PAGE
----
The Virgin’s statue
The Virgin’s statue
The Virgen de los Desamparados (Virgin of the Forsaken, in English) is the patroness of Valencia, to whom the Basilica in Plaça de la Mare de Déu and the Ofrenda de Flores itself are dedicated. On the occasion of the Fallas’ Offering, a 15 metres (about 49 feet) tall statue in the likeness of the Virgin is built and put in the square.
She appears with lily blossoms and a rose in one hand and baby Jesus in her other arm. Her gown is to be covered with the flowers offered by the falleros. She is generally depicted looking down, and her posture is slightly tilted forward. This has earned her the affectionate name of Geperudeta (or Jorobadita) de Valencia, meaning the little hunchback of Valencia*.*
If the year is particularly hot and sunny, you’ll also see that a huge canopy will be hung from one side to the other of the square. This is to keep the flowers in the shade and prevents them from wilting.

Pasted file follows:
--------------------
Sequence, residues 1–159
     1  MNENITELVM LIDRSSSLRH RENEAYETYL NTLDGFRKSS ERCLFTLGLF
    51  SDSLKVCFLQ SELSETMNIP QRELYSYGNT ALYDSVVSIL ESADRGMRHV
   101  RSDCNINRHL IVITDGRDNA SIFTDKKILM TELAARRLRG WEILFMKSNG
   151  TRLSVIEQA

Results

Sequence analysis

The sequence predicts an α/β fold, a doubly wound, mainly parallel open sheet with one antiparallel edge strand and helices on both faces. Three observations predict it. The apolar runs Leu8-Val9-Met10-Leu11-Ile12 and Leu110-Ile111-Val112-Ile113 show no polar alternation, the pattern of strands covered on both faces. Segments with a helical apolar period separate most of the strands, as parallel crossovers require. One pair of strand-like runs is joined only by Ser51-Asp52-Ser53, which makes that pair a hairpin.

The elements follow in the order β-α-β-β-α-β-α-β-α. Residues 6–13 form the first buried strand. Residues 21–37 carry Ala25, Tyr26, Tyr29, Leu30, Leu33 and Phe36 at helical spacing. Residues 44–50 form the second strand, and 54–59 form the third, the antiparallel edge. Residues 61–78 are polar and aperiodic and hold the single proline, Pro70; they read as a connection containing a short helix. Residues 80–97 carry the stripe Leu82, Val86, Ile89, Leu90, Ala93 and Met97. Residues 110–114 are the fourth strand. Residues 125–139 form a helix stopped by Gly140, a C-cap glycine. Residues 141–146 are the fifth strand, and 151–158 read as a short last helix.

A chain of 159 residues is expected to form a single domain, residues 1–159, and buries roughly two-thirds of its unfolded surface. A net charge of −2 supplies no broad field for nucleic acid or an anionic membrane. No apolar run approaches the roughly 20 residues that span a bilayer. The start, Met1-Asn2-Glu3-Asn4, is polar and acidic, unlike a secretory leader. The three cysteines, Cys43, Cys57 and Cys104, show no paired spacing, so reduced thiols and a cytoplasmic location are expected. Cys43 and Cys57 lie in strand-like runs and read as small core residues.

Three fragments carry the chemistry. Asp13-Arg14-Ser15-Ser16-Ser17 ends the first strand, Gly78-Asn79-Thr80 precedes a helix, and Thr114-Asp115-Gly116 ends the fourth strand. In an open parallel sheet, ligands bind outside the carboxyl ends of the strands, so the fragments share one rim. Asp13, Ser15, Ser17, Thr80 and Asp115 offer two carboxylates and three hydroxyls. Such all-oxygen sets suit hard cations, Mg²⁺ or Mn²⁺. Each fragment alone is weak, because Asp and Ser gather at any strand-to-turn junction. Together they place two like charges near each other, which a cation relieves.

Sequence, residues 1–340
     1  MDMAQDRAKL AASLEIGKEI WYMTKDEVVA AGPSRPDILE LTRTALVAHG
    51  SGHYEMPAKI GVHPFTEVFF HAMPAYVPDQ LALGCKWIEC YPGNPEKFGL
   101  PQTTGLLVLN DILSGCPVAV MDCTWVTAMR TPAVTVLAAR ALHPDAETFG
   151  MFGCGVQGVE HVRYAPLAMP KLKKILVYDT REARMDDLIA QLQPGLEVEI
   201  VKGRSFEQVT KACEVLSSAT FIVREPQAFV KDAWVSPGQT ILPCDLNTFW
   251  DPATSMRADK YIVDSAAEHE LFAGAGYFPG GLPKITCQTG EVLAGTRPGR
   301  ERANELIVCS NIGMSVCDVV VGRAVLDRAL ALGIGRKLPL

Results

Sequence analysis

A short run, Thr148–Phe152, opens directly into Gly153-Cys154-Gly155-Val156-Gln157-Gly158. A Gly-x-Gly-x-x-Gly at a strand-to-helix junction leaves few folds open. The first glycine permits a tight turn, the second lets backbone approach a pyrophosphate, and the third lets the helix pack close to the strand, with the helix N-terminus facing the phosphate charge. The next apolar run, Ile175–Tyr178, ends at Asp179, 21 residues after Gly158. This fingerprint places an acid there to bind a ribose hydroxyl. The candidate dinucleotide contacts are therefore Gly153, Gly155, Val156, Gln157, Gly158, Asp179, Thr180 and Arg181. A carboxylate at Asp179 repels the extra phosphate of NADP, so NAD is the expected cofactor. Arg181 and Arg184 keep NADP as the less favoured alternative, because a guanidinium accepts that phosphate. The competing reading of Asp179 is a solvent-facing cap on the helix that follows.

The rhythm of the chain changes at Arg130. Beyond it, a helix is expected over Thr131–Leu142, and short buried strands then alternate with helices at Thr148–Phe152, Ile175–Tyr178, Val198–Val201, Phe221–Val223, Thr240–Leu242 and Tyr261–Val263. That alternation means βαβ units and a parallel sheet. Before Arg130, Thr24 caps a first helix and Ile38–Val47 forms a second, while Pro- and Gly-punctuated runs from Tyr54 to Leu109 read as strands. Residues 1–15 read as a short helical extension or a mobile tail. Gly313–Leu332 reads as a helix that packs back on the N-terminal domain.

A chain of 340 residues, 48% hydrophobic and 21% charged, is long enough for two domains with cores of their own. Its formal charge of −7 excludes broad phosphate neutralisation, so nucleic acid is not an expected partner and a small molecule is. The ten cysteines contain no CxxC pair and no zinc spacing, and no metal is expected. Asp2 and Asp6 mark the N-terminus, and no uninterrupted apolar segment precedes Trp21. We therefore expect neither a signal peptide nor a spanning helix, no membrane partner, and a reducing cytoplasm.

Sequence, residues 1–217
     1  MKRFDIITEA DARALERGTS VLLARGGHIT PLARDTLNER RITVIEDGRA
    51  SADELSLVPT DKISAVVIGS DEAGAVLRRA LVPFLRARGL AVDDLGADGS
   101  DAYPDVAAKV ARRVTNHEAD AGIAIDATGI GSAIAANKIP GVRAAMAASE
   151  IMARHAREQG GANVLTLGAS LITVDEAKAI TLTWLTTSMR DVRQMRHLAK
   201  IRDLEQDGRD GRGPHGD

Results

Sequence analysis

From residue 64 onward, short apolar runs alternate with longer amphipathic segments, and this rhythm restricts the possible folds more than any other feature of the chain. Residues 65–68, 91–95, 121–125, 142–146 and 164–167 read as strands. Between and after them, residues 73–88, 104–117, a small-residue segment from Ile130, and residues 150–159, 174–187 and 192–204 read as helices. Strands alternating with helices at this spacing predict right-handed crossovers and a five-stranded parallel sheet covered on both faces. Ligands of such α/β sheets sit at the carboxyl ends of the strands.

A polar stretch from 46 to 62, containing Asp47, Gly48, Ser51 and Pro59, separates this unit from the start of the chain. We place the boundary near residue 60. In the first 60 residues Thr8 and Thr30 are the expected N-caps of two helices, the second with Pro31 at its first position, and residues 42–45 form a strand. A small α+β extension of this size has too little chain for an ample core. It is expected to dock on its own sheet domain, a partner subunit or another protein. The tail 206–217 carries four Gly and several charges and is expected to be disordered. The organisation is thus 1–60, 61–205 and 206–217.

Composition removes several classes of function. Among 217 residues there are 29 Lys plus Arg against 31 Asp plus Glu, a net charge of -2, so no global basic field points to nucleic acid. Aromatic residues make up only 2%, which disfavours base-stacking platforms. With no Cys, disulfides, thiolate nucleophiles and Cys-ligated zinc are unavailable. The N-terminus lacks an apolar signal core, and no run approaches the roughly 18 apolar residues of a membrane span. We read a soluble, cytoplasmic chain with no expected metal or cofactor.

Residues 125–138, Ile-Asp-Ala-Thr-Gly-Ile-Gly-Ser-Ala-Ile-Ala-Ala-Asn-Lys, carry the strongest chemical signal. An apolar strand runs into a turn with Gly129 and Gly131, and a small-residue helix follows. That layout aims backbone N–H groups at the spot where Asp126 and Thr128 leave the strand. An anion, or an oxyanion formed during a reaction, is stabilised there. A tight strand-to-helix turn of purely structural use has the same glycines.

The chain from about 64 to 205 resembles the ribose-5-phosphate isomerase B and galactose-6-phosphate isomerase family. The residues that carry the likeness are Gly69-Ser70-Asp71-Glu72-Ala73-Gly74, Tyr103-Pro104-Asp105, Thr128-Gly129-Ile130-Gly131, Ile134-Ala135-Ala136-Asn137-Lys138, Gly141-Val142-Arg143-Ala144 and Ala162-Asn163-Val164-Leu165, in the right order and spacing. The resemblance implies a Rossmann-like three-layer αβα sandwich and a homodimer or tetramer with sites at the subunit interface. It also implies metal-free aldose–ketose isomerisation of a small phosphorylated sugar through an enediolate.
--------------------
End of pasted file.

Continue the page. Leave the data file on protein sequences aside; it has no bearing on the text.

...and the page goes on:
This tradition of a secret image has been around since the 1990s, when a premeditated design was first introduced. Ever since then, the techniques have improved and new guidelines have been established.
For example, any thorns or hooks in the bouquets must be removed, so that the workers don’t get hurt. Cellophane paper is also forbidden since it can become slippery and hard to see on the ground.
To ensure the success of the design, the flowers used are carnations (they last the longest), with red and white being the most popular colours. The Junta Central Fallera tasks each committee with a specific colour to make sure that the right ratio is respected.
The vestidors (or vestidores, in Spanish) are the men and women who volunteer every year to design and dress the Virgin’s mantle in spectacular designs. There are about 50 of them, of all ages between 16 and 60 years old. The more experienced among them, who usually take care of making the outline of the design, are also called bordadores.
When the first Virgin mantle was instituted in 1987, the vestidores were a small group of friends, mostly with lifeguarding and mountaineering experience, which they needed to be able to climb up the 15-metre (about 49 feet) structure to hang the flowers. Slowly, the tradition was passed from parents to children, the group expanded, and their craft was perfected.
Nowadays, this still remains a work of passion and devotion to them. The rest of the year they all have regular jobs, some of them as taxi drivers, some as nurses, and some are even retired.